1.6 Tensor, Diffusivity and FA calculation

First, close the VMR you may still have open, and reopen it (beware to use the _ACPC.vmr or _TAL.vmr if you went into standard space). Go to DTI --> Diffusion Weighted Data Analysis. A VDW Analysis window appears. In the Linked 3-D aligned diffusion weighted data part, click the
Browse button and point to the VDW file created in the previous part, which is human31dir.vdw.

Next, go to VDW Properties in the VDW Analysis window. You’ll find the gradient table on the left and some other info on the right.

1.6.1 The gradient table


The gradient table can be filled in two ways: manually, by entering the gradient direction and b-value directly into the table, and automatically by loading a so-called GRB GRadient and B-value file.

You might have a text file with gradient directions or otherwise you have to ask your MR technician for such a file.

For this particular experiment, we need a gradient table with 31 directions. If the gradients are not yet specified, do it by clicking "Load .GRB” and locate the file mgh_dti30.grb. The gradient table can also be found in appendix ??.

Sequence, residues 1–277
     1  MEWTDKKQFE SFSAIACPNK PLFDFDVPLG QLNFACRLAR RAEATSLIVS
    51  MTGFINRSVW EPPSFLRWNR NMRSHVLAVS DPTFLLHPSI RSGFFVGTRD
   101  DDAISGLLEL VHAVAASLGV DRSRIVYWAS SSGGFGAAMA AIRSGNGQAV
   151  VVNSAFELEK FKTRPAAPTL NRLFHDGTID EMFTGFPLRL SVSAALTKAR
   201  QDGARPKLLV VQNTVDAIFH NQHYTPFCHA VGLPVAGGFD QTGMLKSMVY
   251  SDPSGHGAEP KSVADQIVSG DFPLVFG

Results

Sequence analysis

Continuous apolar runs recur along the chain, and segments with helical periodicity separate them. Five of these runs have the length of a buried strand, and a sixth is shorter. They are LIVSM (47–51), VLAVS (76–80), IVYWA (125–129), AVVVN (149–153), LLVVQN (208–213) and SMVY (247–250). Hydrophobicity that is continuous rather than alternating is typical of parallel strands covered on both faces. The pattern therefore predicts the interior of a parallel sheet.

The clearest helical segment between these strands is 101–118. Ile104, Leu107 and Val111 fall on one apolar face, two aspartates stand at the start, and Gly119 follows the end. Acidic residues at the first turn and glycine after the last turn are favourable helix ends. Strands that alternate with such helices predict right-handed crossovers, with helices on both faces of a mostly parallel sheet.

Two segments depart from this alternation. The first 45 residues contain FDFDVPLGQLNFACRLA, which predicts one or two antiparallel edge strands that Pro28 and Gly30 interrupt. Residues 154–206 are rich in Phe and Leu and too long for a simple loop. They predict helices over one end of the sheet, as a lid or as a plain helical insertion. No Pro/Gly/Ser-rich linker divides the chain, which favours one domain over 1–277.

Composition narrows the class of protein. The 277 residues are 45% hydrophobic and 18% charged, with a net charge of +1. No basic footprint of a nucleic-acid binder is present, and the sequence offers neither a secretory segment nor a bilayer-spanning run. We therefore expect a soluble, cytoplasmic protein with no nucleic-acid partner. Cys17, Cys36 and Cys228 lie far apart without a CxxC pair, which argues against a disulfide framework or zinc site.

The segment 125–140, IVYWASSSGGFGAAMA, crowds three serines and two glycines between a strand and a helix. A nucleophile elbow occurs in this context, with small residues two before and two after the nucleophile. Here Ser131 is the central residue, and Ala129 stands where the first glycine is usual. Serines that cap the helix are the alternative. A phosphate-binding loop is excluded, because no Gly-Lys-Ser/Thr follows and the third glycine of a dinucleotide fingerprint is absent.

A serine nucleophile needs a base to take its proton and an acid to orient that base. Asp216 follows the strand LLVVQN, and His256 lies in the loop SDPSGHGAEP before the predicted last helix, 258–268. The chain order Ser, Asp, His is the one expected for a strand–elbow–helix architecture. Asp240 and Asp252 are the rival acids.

Now that the gradient table is filled, click the Gradient directions and
b-values verified check box, and the VDW file can be saved by using Save As or Save. BV will remember the associated GRB file. The Set b-value(s) in table option on the top right may be used for changing the b-value as well, for bulk changes. You need to set correct b-values for your experiment, which in this case are: measurement 1: b=0, measurement 2-31: b=800. Typing directly in the table is also supported.

The interpretation of gradient components part of the VDW
Properties window may be used if the data is flipped/reversed. The Spatial transformations of directions part may be used if BV makes a wrong interpretation of the scanner versus subject coordinate systems. Both options are explained in Appendix 3.1.1.

Press OK to leave the VDW Properties window. You will return to the VDW Analysis window.

1.6.2 Tensor, Mean Diffusivity and FA Computation

Once the VDW file and gradient information are correct, click Estimate in the VDW Analysis window. Warning: BV may look irresponsive, but in fact it is busy calculating tensors. A DDT “Diffusion Tensor” file is created, and BV asks you to save this file. Save it as human31dir_vdw.dmr. A DDT file may also be saved in TVL format, by clicking the Export TVL, for use in the TrackMark software (information via support@brainvoyager.com).

1.6.3 Recommended: masking the DDT data